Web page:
Bright and early the morning of January 8 we (well, at least me) were woken by two rooseters in a nearby tree cockadoodle-dooing their hearts out. We could have killed them. It was so bright and early that it was not even bright when they began. It did, however, get us on the road a little earlier although we had to stop again down the road to take a nap. Eventually we arrived in Martinborough where we picked up some maps and information about the Putangirua Pinnacles Scenic Reserve. The reserve is close to the south coast of the North Island. Once we found our way there, we hiked the trail up to see the Pinnacles - also featured in Lort of the Rings. They were quite stunning. Huge slender piles of hard-packed stones that looked like chimneys. We continued the trail to a lookout where we could see the pinnacles on one side and the ocean on the other. It was quite spectacular. The most interesting find of the day, however, goes to all of the fossilized shells we saw in the middle of honey-coloured boulders. Fantastic!

From the park, we drove back up through Martinborough and on to Wellington where we spent one very cold and windy night before our ferry trip from the North Island to the South Island.

Posted by STimewell 15:53 Archived in New Zealand Comments (0)

Sydney's Highlights continued

From New Years to saying goodbye

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So to continue on from "Made it down to Sydney" here are some more highlights taking place from New Years through to leaving the city.

  • Sydney's New Years eve fireworks show is incredible. We watched it from Mrs Macquaries Chair at the Royal Botanic Gardens. Seeing them shoot off the top of the bridge was spine-tingling!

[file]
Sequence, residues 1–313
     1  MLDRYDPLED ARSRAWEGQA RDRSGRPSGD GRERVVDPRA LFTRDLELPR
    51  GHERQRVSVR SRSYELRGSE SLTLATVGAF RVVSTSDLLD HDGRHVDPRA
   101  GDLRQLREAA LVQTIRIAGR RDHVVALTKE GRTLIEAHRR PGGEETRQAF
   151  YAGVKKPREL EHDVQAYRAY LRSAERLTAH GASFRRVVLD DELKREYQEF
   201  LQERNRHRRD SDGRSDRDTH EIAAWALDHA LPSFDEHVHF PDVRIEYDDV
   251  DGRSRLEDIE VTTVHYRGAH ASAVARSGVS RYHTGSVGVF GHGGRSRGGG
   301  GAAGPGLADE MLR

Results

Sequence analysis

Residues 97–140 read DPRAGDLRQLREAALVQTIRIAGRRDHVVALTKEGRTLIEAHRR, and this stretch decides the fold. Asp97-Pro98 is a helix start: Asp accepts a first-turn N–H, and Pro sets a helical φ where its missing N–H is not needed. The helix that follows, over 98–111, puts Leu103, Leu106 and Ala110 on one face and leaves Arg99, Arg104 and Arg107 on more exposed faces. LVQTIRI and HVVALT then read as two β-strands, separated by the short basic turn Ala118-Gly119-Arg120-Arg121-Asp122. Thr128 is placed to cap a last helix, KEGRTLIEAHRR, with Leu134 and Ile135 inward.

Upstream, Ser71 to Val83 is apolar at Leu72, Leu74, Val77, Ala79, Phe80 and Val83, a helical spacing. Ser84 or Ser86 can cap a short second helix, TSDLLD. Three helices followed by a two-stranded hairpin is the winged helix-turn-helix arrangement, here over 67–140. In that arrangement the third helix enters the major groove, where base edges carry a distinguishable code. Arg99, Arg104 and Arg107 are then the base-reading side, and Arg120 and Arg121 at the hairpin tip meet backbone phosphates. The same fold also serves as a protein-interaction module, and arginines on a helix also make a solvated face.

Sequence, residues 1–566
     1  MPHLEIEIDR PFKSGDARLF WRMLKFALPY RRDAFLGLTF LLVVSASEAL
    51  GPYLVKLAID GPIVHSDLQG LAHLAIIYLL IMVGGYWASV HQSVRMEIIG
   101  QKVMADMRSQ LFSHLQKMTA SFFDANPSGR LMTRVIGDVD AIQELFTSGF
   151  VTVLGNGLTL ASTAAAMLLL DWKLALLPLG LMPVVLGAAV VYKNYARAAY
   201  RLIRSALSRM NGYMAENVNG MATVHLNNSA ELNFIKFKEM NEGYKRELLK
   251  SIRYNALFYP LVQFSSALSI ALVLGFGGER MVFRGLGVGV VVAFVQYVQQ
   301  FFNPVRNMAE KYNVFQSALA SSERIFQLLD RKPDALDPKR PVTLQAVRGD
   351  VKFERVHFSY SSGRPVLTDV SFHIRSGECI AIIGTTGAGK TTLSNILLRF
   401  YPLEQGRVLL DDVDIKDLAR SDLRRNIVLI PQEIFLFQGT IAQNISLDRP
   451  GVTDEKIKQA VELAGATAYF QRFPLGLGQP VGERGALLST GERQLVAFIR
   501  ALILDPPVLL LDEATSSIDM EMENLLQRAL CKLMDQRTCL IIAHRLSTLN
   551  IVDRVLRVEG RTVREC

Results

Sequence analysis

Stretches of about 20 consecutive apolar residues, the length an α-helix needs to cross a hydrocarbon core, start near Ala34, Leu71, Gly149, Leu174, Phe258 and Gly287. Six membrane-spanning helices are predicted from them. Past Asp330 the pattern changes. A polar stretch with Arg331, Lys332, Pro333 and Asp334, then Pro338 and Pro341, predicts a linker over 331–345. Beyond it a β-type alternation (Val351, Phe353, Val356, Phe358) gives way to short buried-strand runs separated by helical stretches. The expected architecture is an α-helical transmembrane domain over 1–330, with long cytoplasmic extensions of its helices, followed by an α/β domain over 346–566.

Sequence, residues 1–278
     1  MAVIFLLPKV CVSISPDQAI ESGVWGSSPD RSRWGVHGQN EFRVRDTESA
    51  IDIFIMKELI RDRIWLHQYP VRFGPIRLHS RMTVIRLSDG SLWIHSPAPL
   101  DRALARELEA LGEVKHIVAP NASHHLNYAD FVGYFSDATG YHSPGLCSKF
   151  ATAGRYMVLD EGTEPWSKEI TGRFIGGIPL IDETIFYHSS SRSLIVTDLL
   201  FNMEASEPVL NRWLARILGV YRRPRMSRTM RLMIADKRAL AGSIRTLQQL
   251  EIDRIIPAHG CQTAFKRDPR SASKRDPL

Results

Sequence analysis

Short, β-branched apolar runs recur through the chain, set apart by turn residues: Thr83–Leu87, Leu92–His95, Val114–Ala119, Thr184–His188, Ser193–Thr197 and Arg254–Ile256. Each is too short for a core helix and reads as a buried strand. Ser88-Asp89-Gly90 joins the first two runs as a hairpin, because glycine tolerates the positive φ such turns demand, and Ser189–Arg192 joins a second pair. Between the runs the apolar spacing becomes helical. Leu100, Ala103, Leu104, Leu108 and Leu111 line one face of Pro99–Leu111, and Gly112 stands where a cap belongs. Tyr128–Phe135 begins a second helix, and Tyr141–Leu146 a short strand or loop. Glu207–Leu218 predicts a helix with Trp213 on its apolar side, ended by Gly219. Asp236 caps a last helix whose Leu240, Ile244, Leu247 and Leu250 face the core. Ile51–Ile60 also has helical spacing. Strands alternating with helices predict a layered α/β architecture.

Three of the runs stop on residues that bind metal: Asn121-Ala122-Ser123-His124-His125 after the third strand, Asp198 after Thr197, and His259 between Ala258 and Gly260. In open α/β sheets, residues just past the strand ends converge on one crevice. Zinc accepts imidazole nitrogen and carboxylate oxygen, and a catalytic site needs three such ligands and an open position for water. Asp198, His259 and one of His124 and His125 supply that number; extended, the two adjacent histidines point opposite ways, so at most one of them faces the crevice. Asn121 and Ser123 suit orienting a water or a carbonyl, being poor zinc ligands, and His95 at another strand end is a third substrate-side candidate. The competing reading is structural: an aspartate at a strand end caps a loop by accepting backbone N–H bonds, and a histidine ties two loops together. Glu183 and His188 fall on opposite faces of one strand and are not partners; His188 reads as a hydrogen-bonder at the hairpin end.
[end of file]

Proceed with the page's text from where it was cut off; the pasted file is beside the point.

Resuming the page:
• The Blue Mountains. Beautiful...and blue! I have also recently found out there are carnivorous plants around - sundews! They're tiny so one must look closely in damp patches.
  • A tour inside the Sydney Opera House. It is very beautiful inside (and out, of course). I didn't expect it to be as reasonable as it is to see performances there. That is a nice treat.
  • Climbed the Harbour Bridge Pylon Lookout. If you don't like heights or don't want to spend a lot of money on the Bridge Climb, going up the pylon is a great alternative. The views must be nearly the same AND you don't have to worry about being blown to/falling to your death! Bonus!
  • The Spit Bridge to Manly walk. It was a long walk, but very pleasant for being in the city. We saw lots of lizards sunning themselves, and lots of eucalyptus trees and some tea trees. There were even Aboriginal rock carvings and a lighthouse.